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Go Now

28 May 2023

Today we hear some of the Pentecost story, but not all of it. This is the story that marks the beginning of the Church, the first mass event that brings the Good News to a large number of people with the instant response of some 3000 persons.

In the Pentecost story, the disciples are empowered to speak some 15 different languages not their own. This adds to their ability to reach these 3000 plus persons but we need to remember that the words spoken by the disciples were not just any foreign languages. The Spirit empowers them specifically to speak the languages of the “devout Jews from every nation” in Jerusalem (verse 5).

Just imagine Parthians, Mesopotamians and Cappadocians, as immigrants or visitors in Jerusalem, hearing their native language spoken for perhaps the first time in years! What might it have meant to those listening? Have you experienced the relief and joy of hearing your first language in the midst of words that are not from your “home”.

This gift of the Holy Spirit that marks the birth of the church is a gift expressly for those outside the Jesus movement, those who had lived displaced in a language-world not their own. We cannot miss this! It is a spiritual gift given not for the disciples themselves, but for the outsiders listening. God’s gift reaches outward to those outside of this immediate circle of Jesus followers. It seems that one mark of the Holy Spirit’s gifting is that it empowers us to connect to others.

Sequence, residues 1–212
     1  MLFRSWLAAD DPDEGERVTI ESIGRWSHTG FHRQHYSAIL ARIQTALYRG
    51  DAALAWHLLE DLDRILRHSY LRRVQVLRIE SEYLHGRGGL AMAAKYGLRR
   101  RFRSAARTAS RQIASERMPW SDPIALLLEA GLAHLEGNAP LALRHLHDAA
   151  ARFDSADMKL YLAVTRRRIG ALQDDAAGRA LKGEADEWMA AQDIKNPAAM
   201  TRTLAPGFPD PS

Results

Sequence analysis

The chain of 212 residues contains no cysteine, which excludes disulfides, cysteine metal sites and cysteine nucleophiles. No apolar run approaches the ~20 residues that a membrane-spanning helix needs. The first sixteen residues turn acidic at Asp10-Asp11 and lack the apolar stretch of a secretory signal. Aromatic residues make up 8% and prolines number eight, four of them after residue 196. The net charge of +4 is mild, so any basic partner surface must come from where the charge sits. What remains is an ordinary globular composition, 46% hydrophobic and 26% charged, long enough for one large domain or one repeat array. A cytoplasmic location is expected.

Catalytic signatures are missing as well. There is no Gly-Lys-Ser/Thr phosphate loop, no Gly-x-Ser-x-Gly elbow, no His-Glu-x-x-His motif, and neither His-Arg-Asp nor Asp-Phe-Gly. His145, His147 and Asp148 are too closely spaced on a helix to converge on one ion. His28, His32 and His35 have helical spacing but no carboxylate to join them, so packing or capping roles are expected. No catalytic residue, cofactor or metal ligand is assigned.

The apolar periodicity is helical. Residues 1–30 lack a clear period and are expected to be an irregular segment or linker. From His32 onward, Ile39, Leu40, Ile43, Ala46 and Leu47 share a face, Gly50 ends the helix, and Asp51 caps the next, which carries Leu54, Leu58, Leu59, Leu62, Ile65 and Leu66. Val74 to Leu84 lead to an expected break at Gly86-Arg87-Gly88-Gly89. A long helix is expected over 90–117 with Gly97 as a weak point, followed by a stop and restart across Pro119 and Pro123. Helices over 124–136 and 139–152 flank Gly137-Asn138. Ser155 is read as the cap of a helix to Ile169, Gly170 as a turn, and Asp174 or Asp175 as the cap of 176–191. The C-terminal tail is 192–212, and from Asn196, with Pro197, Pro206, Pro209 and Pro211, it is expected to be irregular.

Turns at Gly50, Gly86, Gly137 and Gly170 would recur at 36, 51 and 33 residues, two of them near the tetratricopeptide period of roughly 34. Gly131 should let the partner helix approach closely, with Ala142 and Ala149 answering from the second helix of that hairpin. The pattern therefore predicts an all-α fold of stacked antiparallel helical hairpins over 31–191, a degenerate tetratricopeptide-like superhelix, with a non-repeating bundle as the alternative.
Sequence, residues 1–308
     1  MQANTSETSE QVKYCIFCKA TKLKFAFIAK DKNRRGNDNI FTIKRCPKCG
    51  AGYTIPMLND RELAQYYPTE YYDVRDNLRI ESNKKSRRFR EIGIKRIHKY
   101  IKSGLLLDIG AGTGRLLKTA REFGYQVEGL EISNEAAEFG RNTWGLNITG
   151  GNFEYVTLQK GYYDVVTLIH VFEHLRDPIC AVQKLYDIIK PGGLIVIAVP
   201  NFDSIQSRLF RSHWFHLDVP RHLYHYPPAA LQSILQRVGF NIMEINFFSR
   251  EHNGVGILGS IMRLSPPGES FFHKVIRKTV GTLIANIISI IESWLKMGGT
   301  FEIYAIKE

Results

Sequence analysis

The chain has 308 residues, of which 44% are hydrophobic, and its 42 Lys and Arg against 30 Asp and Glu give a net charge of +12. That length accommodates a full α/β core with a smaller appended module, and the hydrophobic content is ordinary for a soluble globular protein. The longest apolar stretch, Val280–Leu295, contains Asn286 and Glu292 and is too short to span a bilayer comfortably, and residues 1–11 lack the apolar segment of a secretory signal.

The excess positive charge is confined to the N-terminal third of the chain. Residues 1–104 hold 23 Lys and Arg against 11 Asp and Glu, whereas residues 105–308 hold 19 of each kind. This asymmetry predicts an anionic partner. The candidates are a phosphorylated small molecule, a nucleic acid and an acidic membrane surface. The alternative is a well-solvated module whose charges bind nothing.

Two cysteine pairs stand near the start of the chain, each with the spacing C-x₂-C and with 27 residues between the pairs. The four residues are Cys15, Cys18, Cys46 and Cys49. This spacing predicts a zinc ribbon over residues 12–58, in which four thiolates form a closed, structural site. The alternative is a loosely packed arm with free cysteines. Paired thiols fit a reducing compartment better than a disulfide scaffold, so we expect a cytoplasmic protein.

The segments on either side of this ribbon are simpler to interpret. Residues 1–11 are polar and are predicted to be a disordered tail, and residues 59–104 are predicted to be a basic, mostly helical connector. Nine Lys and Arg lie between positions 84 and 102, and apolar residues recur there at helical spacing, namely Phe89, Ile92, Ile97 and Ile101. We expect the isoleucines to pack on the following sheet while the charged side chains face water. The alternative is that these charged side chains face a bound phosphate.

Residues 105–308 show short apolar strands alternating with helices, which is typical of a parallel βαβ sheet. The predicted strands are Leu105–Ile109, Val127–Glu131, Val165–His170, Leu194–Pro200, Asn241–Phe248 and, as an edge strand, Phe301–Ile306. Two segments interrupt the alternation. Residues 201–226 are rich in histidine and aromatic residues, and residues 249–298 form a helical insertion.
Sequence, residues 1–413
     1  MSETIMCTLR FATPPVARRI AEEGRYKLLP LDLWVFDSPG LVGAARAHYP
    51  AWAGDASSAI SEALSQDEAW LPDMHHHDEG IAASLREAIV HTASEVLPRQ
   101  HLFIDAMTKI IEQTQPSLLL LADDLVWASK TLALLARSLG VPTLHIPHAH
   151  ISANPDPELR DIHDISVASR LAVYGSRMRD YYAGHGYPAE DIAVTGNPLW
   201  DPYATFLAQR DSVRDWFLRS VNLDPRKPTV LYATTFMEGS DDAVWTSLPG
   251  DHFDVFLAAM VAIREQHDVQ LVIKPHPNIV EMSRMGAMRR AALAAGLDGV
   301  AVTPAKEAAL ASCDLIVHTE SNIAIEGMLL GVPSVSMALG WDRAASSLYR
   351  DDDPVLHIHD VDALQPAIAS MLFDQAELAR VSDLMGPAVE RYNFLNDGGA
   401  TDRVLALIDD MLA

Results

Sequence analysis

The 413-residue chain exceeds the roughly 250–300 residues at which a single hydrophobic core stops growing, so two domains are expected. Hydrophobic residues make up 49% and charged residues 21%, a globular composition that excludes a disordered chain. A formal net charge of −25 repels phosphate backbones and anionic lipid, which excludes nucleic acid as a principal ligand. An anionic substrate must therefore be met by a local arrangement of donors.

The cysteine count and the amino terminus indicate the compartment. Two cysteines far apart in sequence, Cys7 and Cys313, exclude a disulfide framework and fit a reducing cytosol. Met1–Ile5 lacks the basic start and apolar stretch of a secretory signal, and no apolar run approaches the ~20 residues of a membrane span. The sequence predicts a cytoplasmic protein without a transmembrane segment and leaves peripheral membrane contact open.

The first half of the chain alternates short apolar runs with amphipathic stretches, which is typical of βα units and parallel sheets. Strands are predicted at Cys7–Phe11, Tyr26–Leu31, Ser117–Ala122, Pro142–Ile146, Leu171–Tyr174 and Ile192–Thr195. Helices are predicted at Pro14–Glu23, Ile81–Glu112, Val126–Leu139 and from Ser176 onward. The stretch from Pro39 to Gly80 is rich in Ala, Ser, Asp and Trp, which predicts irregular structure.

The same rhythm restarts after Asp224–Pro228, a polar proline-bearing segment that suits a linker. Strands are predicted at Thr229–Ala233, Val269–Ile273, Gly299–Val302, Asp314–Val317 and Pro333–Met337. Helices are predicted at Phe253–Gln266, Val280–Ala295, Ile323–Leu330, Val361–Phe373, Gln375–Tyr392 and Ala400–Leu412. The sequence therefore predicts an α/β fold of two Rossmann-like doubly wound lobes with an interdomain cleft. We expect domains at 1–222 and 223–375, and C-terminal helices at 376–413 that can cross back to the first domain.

And this gift given for the sake of others can sound crazy, ridiculous, so that “others sneer” (Acts 2:13). Peter responds to the sneer-ers by calling on the ancient prophetic tradition. He doesn’t hesitate to claim this Pentecost experience as the fulfillment of Joel’s inspiring vision of what is looks like for God’s Spirit to be poured out “on all flesh” (Acts 2: 17-21). “All flesh” means young and old, women and men, slave and free., all people. All will prophesy, which means speaking God’s word into reality. Peter says, “it’s happening now!” The Jesus community, through the outpouring of the Holy Spirit, challenges existing religious norms just as Joel did. These dreams and visions turn the Jesus community outward, proclamation through outsiders’ mother tongues.

What does that mean for us? How are we speaking the first language of those around us so that we can share the good news? Does this speaking even involve words? What are the ‘languages’ needed in our community that we need to learn? Language might be a particular grouping of words or human language, but it could also be other forms of communication like emojis, texting or digital images. It could even be music or nature, language that speaks deeply into people lives. This is what we are striving and asking the Holy Spirit to do.

The church birthed at Pentecost carries this deep DNA, to make a home in God’s life and invite others, in a way they can understand, to make a home in God’s life, too.

Jay Robinson

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